When the applications your customers rely on break or run poorly, the business loses money. Whether it’s an ATM that runs too slowly, a credit card transaction that fails, or a Website that takes too long to load, poor application performance is bad for business.
A performance database is a collection of performance data gathered for historical analysis purposes. It lets you automatically detect and address problems before they impact customers. Typically, the database doesn’t include all the detailed data because that would be too much information to retain. The challenge is to intelligently summarize the data you need without becoming overwhelmed by the sheer volume of information.
Collecting, processing, and managing the data must be fully automatic and routine. Analyzing the data and identifying problems should also be automated as much as possible, since there’s generally far too much data to depend on human review.
A performance database gives you ready access to tools for performing automated analysis. For example, it empowers you to map application transactions and response times and then determine:
• How long it took the transactions to run
• How that response time is changing over time
• If the average time was exceeding your Service Level Agreement (SLA), or if it’s likely to, given the current rate of growth
• If there were any outliers, or exceptions, where individual transactions didn’t meet response goals
• If outliers occurred, can they be associated with other performance-related events from around the same time.
You can also correlate this information with other activities. For example, assume your service-level commitment is to answer an online query within two seconds. A transaction is retrieving data for a Website query related to customers checking their account balances. If you’re running an analysis to determine the average response time and discover the average is about 1.5 seconds, you’re meeting your objective. But imagine that yesterday at 3 p.m., it took 30 to 40 seconds for five people to get their answer. Those events were outliers—instances that didn’t meet the objective. Outliers aren’t frequent, or they would affect your averages. But even if they don’t happen often, they’re a cause for concern as they may be a warning sign of a developing problem and may have an adverse effect on a particular customer. Whatever caused the delays might have a much larger impact the next time it happens, so it’s important to be able to identify when outliers are occurring and why.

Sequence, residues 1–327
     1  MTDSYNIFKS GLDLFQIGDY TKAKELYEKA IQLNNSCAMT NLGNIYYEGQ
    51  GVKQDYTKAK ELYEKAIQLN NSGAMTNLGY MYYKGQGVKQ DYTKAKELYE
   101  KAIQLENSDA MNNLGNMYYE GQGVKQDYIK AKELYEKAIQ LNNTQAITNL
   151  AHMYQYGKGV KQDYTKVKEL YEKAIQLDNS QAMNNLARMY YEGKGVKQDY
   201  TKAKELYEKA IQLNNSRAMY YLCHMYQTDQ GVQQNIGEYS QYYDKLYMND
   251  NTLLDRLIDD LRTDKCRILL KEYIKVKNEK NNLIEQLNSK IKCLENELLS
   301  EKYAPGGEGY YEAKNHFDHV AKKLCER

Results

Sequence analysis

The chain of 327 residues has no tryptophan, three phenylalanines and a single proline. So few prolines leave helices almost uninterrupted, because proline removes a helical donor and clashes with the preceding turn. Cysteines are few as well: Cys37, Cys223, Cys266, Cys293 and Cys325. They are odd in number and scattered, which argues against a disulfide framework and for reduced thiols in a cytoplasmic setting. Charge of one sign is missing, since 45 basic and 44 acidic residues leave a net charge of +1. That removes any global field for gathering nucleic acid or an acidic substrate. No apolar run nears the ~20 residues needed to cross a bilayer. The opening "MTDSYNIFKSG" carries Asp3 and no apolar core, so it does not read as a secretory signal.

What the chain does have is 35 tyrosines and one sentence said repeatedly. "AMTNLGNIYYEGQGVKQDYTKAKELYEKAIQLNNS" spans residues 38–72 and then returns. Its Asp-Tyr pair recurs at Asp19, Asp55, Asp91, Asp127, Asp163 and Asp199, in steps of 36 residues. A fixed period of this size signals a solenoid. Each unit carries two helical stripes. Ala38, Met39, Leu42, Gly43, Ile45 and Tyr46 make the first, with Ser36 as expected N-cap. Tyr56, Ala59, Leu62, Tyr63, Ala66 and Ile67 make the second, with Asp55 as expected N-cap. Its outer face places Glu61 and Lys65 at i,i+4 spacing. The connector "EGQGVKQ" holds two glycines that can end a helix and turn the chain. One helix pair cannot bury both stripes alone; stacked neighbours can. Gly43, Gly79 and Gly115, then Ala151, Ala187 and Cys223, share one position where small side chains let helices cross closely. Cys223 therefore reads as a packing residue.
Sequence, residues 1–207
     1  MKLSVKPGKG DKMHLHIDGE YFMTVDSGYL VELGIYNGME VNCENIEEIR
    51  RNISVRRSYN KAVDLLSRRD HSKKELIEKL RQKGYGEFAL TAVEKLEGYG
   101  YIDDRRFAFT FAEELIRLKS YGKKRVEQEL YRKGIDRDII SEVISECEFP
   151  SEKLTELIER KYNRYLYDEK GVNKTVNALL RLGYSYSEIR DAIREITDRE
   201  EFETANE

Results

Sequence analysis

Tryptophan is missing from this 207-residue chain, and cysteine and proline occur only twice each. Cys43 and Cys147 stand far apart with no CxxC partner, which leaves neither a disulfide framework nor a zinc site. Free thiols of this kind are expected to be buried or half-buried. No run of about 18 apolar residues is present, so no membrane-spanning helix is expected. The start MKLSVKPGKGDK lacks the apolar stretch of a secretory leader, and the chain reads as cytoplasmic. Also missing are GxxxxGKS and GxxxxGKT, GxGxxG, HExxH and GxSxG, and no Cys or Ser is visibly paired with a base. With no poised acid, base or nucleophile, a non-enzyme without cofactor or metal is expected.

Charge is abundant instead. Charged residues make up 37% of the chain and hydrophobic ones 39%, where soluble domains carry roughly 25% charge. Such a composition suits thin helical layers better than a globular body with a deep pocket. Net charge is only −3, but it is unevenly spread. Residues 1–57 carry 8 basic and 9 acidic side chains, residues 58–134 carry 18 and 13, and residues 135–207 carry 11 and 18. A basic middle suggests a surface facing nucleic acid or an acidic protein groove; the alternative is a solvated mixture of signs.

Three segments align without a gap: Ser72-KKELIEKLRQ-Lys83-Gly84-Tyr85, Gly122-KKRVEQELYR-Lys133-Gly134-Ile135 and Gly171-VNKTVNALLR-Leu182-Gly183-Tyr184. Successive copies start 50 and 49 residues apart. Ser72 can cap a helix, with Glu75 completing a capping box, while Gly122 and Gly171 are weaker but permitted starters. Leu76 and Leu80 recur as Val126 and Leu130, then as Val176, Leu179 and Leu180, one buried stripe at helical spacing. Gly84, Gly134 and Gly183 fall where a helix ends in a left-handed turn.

To continue with our example, perhaps the transaction retrieves data from a particular table or set of tables. Whenever certain other applications run, they might end up contending for access to the same data and cause delays. When two applications collide in this manner, you may end up with an outlier because one application has to wait for the other application to finish an operation. You might try to solve that problem by changing your concurrency strategy; for example, changing the locking rules, or even making basic changes in application design. Failure to address the issue could lead to big problems as application usage grows.
The performance of the DB2 subsystem also depends greatly on the caching performance of a variety of different pools. Being able to track the performance of these pools over time can tell you how well your storage resources are being used and whether adjustments are needed now, or soon will be needed. Exceptions that identify poor performance or even failures related to these pools can warn you of developing problems or transient peak capacity issues. All these things and more can be automatically determined and reported from a performance database.
Cutting-edge performance management tools can enable you to detect problems significantly faster and dramatically reduce mean time to repair. These tools can help you understand the business impact of application performance as it relates to user behavior—and the bottom line.
It was once common that IT had a fairly stable set of applications to support, but that’s no longer the case for most enterprises. New applications and workloads are coming in, and systems and applications are growing and shifting. Embrace this reality and develop the processes and automation needed to manage your systems’ performance.